Discard Traps in Goat Format

Last week, I talked about why you should play Goat Control. And while I do think that anyone who wants to get better at the format should be playing Goat Control, the fact is that the Goat Format card pool is pretty diverse. There’s a lot of ways to get creative with your decks and your strategies. And that’s why I want to talk a bit this week about discard traps in Goat Format and how they can be a lot of fun to play. Not only can they be fun, but they can actually win you some games if you put them in the right kind of deck.

Discard Traps in Goat Format

Simply put, a “discard trap” is any Trap Card that has a cost of discarding a card upon activation. And there are actually a fair few in Goat Format, though they didn’t see near as much play in 2005 as they would in later formats. Regardless, the concept is something that has been around for quite some time and won’t be going away any time soon.

The issue with discard traps is that they’re inherent -1’s. Most will do something to remove an opponent’s card from the board, but you have to discard your own card to do so. In modern theory it’s a lot easier to get away with it because so many cards plus. But in Goat Format, losing two cards to remove one card is bad card value. This is true even if you use that discard to pitch something like Airknight Parshath. So you want to use discard traps in a deck that’s already playing cards that are meant to be discarded.

Why use discard traps in Goat Format?

Most of the time, discard traps are more of a gimmick than anything. That’s not to say they’re bad – it’s just that you have to invest a lot into them in order to gain any real advantage off of them. So you have to think about why you’re using them.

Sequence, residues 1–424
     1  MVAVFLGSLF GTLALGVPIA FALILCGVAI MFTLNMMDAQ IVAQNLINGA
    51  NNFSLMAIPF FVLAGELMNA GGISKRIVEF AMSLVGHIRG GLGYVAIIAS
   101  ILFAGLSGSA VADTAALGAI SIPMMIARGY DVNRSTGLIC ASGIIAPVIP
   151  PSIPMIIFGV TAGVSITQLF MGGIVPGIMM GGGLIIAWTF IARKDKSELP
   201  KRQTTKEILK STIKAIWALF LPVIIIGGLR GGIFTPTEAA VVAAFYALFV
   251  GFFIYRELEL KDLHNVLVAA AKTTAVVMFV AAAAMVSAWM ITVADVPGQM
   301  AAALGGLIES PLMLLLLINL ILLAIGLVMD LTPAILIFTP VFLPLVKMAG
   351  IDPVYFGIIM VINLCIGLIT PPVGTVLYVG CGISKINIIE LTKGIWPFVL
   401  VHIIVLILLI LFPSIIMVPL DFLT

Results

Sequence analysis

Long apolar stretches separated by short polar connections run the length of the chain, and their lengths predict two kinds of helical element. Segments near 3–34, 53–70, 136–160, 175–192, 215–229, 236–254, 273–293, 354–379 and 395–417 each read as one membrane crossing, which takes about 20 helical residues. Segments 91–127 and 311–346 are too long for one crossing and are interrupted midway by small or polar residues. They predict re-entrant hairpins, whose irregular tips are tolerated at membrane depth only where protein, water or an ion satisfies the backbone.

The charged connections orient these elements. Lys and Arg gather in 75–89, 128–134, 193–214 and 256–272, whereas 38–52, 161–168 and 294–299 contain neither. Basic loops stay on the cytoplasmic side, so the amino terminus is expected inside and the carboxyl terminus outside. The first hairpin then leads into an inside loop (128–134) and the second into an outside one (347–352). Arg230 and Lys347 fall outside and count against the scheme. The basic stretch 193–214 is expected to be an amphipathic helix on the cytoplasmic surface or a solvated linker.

Discard traps disrupt plays. That’s their goal. Raigeki Break pops a card. Divine Wrath negates monster effects. Phoenix Wing Wind Blast spins a card back to the top of the deck. These are effects that disrupt the opponent’s ability to make their plays. This is exactly why cards like Book of Moon and Dust Tornado are used so much in Goat Format – they disrupt plays when used properly. More importantly, those cards don’t cost you a second card to use them, which is why they see so much more play than discard traps.

However, there’s one advantage that discard traps have over their non-discard brethren: they can fuel your graveyard. This is the primary advantage that discard traps have over Book or Dust. At the same time, there are many other ways you can set your graveyard up that even using discard traps is kind of gimmicky.

If you want to use discard traps you have to be able to justify their use. So you end up discarding things that want to go to the graveyard, which is a pretty limited pool of cards. Night Assailant, Sinister Serpent, and Thunder Dragon are the best discard cards you can play if you’re playing discard traps. Why? Because they all make your discard free.

So this begs the question:

What decks can use discard traps?

Chaos. Really, no other deck can take advantage of discard traps the way that a Chaos deck can. Discarding a Thunder Dragon to get two more gives you two free discards – and two free LIGHT monsters – to fill your graveyard. Night Assailant gives you a free discard if you either have another Night Assailant or another Flip monster in grave. Sinister Serpent, obviously, is the discard of choice since it always comes back in your Standby Phase.